Nancy and I also talked about our own pursuit of ‘otherness’ in our work, in the sense that we are interested in methods and approaches that lead us away from the ‘normative’, which of course leads me to ask the following questions. What precisely do we see as normative in this second decade of the 21st century? How is my own work as a young choreographer and performer categorised or viewed by others? Am I as a graduate student circling back on ideas already formed and tested by history? And if so, what can I add to the discourse on dance and music that is different?
The musical context for this work is John Cage’s “Haikai”, a piece initially written for the Si Pawit Gamelan Degung of the Evergreen Club of Toronto in 1986.
This work is partly in celebration of the 100th anniversary of Cage’s birth. However, like every one of the prototypes we plan to stage, “Haikai” engages with different ‘constructions’ of ‘East’ and ‘West’. In doing so, the choreography will explore the structure of the Japanese poetic form haiku as well as engage with ‘Korean Unison’ rhythms, all within the context of a Javanese gamelan ensemble.
John Cage was known for his mischievous, irreverent, and provocative questioning of some of music's most sacred canons, a penchant for experimentation with different cultural forms, as well as his enormous contribution to dance via collaborations with life-partner Merce Cunningham. An important aspect of this work was his ‘chance procedures’ and his insistence on these two disciplines (dance and music) working independently, but at the same time in collaboration with one another. This new aesthetic was known for its persistence in breaking down the chain of cohesion between the two.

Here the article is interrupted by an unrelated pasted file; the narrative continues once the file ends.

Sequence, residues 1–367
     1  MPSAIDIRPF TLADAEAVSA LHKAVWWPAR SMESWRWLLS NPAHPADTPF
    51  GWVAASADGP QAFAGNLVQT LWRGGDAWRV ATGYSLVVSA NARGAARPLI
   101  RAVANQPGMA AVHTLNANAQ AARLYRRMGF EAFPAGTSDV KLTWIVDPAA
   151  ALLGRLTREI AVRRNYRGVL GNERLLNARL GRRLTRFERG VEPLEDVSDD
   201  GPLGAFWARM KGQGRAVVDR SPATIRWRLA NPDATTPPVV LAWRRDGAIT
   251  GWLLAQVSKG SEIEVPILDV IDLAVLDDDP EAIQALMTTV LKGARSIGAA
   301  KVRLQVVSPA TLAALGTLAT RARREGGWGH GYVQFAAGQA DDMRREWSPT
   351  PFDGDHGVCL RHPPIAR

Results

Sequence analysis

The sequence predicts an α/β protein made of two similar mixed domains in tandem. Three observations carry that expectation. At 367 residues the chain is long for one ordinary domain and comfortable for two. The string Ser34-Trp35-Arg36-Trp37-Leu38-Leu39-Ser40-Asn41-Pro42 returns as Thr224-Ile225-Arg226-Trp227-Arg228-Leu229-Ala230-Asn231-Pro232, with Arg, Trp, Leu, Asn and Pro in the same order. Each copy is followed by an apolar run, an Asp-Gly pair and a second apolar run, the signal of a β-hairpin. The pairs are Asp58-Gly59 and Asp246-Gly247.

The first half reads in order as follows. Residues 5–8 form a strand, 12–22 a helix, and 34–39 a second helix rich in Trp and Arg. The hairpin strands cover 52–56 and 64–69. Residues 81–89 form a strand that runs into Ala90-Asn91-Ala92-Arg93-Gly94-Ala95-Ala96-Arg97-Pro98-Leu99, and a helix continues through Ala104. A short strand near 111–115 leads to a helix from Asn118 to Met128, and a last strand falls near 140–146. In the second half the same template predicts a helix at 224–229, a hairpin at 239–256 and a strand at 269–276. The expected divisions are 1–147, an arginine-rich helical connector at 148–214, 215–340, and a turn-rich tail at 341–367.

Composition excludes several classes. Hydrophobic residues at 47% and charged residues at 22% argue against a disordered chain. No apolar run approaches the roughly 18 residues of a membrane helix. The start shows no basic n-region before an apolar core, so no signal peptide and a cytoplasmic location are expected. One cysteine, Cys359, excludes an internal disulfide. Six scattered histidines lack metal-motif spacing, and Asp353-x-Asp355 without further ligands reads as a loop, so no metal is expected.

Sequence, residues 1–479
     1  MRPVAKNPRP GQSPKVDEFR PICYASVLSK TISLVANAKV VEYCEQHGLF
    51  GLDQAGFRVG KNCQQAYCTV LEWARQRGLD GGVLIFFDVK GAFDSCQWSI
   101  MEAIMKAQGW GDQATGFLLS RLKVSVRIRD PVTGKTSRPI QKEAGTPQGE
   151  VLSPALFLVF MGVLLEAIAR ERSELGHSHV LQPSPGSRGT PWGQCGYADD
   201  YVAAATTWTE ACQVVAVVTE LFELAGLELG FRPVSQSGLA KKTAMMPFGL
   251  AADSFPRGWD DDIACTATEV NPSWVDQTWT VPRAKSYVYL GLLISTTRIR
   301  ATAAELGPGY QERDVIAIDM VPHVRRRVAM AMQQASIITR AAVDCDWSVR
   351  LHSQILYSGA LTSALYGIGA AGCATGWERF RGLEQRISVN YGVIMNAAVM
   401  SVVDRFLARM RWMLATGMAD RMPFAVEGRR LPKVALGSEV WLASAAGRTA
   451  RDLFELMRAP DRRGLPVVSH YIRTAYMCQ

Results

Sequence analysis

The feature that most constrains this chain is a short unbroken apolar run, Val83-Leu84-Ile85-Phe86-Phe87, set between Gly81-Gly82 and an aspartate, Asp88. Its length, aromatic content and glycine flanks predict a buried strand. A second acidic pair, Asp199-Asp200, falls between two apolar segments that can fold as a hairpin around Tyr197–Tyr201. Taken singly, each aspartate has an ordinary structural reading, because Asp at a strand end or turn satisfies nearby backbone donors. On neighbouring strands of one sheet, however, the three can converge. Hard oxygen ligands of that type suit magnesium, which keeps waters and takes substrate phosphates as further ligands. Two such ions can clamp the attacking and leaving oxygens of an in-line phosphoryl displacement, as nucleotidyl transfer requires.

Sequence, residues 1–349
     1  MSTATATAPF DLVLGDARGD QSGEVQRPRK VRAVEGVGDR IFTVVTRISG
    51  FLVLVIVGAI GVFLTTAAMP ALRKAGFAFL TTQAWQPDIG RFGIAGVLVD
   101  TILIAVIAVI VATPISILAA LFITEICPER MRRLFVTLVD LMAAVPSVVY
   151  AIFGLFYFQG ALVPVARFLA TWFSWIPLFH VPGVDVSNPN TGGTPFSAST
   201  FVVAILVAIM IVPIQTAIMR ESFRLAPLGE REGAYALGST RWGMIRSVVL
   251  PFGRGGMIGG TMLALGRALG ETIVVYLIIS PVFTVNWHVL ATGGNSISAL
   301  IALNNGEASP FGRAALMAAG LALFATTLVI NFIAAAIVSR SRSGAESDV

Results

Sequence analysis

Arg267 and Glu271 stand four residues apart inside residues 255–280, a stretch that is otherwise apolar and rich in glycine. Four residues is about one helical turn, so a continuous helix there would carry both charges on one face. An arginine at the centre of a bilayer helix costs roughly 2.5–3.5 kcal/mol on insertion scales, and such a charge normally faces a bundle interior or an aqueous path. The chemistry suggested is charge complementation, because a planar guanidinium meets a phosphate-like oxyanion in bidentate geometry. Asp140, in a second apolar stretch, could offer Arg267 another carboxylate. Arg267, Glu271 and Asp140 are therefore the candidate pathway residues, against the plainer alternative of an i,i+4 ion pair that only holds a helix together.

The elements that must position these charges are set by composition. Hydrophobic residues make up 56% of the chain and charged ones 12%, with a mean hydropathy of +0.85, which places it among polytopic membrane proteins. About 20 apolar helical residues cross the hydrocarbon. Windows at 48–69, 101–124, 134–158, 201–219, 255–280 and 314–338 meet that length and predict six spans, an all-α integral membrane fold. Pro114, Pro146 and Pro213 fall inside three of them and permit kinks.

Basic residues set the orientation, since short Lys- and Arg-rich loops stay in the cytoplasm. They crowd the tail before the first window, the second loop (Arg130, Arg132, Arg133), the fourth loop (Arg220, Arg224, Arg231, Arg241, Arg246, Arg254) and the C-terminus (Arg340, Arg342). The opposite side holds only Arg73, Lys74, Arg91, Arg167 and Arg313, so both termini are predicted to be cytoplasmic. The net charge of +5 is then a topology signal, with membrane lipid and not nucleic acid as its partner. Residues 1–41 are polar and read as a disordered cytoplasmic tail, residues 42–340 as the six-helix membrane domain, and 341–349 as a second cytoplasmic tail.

Project Barca will engage with some of these ideas as it seeks to deconstruct the old as well as re-construct a new path out of its remains. Studio work begins in January 2012 for an estimated premiere in mid April. The research team plans to offer its second InfoShop sometime between these two dates.
“Road to Ubud” - Haikai
Participants in this contest are strongly advised to attend the InfoShop on October 15th 2011 at the School for the Contemporary Arts at SFU Woodward’s (see details on Project Barca’s website). http://www.sfu.ca/~hdaniel/
Project Barca Logo Contest Guidelines
Saturday, October 15, 2011: Submission Site Opens at 9:00 a.m. (Pacific Standard Time)
Saturday, November 19, 2011: Site Closes at 11:30 pm (Pacific Standard Time)
Saturday, November 26, 2011: Project Barca Jury members decide on top 3 finalists
Submit comments on Project Barca’s blog site in support of one of the top three designs
Monday, December 5, 2011: Winner announced on Project Barca website
Submissions should be made no later than 11:30 pm (Pacific Standard Time) on Friday, November 19, 2011.